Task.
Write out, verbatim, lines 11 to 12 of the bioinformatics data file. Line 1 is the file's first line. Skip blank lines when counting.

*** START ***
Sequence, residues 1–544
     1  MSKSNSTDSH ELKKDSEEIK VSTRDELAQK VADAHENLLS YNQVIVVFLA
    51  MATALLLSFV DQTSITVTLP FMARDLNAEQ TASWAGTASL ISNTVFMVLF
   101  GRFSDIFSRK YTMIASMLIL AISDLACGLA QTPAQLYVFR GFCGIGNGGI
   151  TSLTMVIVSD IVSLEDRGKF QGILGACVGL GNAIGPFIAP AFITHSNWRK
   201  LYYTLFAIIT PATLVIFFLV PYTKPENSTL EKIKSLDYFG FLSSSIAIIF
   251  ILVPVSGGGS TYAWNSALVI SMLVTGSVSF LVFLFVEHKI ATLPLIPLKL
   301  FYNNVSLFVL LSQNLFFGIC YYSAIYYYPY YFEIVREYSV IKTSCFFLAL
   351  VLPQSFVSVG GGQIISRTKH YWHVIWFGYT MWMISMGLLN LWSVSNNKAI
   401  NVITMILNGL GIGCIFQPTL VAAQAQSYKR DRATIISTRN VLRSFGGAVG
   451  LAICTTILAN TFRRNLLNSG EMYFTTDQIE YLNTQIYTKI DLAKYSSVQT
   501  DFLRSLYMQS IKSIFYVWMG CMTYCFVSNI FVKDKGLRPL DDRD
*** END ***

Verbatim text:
   451  LAICTTILAN TFRRNLLNSG EMYFTTDQIE YLNTQIYTKI DLAKYSSVQT
   501  DFLRSLYMQS IKSIFYVWMG CMTYCFVSNI FVKDKGLRPL DDRD